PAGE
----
MARRAKECH, Morocco — Iranian master Abbas Kiarostami, who passed away earlier this year, was celebrated at the Marrakech Film Festival during a moving hommage hosted by his son, Ahmad Kiarostami, on Saturday evening.
Speaking about his father’s uncompromising love of life, Kiarostami told Marrakech audiences that someone once asked his dad what he would chose between living without his work or his work existing without him. “He said he’d choose his own existence over his films. That’s how much he loved his life,” said Ahmad Kiarostami.
“Now he’s gone but he is with us with his films, his photography, his poetry, and hundreds of people he has trained in his master classes all around the world, and I see all these different events and tributes around the world, and all of you are here, as a continuation of his presence,” said the director’s son.
“When he came, he came, when he was there, he was there, when he left, he was there,'” said Ahmad Kiarostami, reading one of his father’s poems.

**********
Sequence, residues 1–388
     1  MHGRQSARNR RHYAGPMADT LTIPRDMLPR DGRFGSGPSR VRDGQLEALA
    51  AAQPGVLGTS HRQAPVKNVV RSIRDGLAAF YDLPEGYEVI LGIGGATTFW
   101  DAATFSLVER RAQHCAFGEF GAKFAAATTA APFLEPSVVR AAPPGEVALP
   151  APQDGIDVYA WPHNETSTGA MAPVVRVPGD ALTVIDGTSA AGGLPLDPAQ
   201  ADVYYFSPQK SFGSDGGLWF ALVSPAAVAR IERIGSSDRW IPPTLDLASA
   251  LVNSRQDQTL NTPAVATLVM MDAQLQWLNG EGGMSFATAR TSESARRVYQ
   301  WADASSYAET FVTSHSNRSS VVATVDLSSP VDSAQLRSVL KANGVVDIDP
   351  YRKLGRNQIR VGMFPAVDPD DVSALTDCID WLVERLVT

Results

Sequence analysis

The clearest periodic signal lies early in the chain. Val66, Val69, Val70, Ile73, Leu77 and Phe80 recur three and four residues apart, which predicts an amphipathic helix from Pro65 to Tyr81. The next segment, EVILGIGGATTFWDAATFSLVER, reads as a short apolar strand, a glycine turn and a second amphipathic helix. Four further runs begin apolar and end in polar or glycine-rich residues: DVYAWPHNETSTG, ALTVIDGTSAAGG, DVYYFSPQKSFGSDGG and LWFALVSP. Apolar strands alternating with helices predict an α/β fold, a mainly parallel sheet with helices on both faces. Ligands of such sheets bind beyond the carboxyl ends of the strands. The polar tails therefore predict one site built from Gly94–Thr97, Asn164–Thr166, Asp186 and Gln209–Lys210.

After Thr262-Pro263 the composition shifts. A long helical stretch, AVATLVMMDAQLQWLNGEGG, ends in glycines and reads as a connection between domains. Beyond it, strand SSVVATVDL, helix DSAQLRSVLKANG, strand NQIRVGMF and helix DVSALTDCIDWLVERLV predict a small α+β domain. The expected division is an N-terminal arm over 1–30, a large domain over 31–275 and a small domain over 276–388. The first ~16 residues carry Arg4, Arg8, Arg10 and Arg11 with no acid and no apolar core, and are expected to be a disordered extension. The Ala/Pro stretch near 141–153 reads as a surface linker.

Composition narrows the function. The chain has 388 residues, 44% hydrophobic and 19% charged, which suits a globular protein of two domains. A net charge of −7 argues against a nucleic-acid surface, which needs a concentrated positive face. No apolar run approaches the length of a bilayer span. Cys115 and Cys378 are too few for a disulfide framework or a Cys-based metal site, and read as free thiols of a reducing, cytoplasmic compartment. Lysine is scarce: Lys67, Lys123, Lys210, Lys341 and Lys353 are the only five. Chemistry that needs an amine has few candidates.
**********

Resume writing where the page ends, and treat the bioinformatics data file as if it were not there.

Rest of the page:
The speech drew a long ovation and was followed by the screening of Kiarostami’s black-and-white wordless short film “Take Me Home,” which he lensed in Southern Italy.
Kiarostami headed Marrakech Film Festival’s jury in 2009, having already co-directed a workshop with Martin Scorsese. and returned last year to deliver a master class.
Credited for giving Iranian cinema an international profile and paving the way for other filmmakers in Iran and elsewhere with his poetry-filled, singular movies, Kiarostami died at age 76 in July.
Although the media attributed Kiarostami’s death to a cancer, the director’s closed ones said he died of a stroke, four months after getting a surgery at a Tehran hospital.
At the time of his death, Kiarostami was developing “24 Frames,” an experimental film based on 24 four-and-a-half minute films that he had been directing over the last three years.